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African Art
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Male Mask

early to mid-20th century

Wood, pigment , and nails

17 1/2 × 9 1/2 × 9 1/2 in. (44.45 × 24.13 × 24.13 cm)
Leonard C. Hanna, Jr., Class of 1913, Fund
2011.133.2
This mask depicts a male figure and may have been danced by the Humoi association, a healing society that was led by women but also admitted male initiates. The highly stylized double-headed snake, knotted into the folds of the neck and ascending into the hairstyle to consume a pair of rodents, may allude to the aggressive forces of the natural world, while the flaps that shield the face refer to spiritual power as it relates to medical expertise. Four rounded, decorated leather flaps were typically wrapped around the neck of a traditional healer, but the flaps on this mask serve to shroud the face in secrecy, reminding the audience of the wearer’s secret knowledge gained through initiation.
Geography: 
Sierra Leone
or geography Liberia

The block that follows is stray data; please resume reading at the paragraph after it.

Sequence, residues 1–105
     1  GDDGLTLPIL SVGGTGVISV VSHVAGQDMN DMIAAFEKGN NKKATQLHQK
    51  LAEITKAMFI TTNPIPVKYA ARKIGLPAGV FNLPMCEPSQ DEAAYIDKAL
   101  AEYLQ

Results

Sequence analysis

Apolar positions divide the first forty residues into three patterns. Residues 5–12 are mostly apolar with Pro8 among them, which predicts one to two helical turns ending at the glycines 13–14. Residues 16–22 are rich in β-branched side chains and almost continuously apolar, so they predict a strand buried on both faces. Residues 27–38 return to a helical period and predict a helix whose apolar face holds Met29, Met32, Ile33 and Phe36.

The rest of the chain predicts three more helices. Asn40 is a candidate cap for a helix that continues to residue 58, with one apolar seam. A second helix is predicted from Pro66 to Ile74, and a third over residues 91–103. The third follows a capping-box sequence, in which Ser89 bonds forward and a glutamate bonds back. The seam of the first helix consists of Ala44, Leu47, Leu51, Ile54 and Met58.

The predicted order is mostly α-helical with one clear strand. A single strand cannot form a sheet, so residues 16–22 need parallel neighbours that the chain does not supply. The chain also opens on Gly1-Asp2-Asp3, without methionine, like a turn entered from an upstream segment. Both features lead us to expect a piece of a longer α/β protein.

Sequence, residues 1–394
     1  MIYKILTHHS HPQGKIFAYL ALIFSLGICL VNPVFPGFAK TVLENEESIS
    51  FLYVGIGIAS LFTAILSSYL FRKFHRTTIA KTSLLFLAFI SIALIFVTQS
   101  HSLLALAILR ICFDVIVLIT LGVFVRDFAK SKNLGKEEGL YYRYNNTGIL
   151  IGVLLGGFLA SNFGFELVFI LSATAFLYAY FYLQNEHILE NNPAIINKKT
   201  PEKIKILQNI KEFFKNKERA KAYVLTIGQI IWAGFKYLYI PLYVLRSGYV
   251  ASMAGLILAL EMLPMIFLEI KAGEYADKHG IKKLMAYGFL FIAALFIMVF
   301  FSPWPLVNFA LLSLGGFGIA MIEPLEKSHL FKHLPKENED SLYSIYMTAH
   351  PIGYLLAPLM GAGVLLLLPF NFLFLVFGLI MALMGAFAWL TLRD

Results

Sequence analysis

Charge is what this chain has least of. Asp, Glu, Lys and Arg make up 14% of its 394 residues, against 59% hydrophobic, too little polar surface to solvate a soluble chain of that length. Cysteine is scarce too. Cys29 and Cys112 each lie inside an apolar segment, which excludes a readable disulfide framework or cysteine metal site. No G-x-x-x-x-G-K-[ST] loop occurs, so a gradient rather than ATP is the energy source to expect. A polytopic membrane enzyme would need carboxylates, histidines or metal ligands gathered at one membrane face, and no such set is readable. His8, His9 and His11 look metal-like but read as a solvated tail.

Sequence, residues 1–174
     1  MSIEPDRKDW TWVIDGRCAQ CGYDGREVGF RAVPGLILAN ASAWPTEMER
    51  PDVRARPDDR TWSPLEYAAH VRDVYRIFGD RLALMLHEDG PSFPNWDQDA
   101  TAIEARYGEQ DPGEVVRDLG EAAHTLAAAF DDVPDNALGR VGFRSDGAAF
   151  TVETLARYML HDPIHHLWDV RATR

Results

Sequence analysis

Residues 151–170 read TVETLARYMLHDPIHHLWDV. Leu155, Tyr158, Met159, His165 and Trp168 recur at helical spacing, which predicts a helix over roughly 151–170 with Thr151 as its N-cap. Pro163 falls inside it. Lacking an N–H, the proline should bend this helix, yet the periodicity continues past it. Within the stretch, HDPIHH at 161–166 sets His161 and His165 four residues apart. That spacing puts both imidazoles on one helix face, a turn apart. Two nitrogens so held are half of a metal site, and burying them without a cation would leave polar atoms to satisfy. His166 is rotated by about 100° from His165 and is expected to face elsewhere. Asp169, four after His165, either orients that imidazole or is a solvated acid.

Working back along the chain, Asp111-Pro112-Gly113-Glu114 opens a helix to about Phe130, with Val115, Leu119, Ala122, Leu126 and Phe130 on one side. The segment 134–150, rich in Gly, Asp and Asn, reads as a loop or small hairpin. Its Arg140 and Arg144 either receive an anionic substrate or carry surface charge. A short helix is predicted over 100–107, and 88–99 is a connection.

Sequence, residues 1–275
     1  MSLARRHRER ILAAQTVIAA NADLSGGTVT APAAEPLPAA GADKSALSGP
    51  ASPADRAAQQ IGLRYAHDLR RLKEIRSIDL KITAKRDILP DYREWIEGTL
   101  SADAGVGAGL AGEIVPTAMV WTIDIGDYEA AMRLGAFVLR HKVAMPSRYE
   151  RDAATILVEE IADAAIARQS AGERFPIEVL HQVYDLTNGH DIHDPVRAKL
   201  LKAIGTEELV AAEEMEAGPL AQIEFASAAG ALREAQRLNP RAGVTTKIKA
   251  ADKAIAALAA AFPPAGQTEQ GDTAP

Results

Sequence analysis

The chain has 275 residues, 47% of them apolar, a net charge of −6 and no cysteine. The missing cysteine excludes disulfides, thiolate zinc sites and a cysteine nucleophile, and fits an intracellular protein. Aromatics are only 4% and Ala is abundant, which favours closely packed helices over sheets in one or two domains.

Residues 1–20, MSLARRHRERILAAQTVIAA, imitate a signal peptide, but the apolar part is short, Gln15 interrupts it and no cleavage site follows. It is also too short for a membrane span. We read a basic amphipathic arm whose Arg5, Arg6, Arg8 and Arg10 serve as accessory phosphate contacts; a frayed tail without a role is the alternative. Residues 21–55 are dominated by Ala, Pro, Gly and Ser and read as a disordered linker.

Status: 
On view
Culture: 
Mende, possibly Humoi association
Period: 
20th century
Classification: 
Masks
Provenance: 

Collected by William Siegmann, New York. Bruce Frank, New York, to 2011; Purchased by Yale University Art Gallery in 2011

Bibliography: 

“Acquisitions,” https://artgallery.yale.edu/sites/default/files/files/Pub_Bull_acquisitions_2012.pdf (accessed December 21, 2012).

Jan-Lodewijk Grootaers and Alexander Bortolot, eds., Visions from the Forests: The Art of Liberia and Sierra Leone (Seattle: University of Washington Press, 2014), 76, no. 4.17.

Note: This electronic record was created from historic documentation that does not necessarily reflect the Yale University Art Gallery’s complete or current knowledge about the object. Review and updating of such records is ongoing.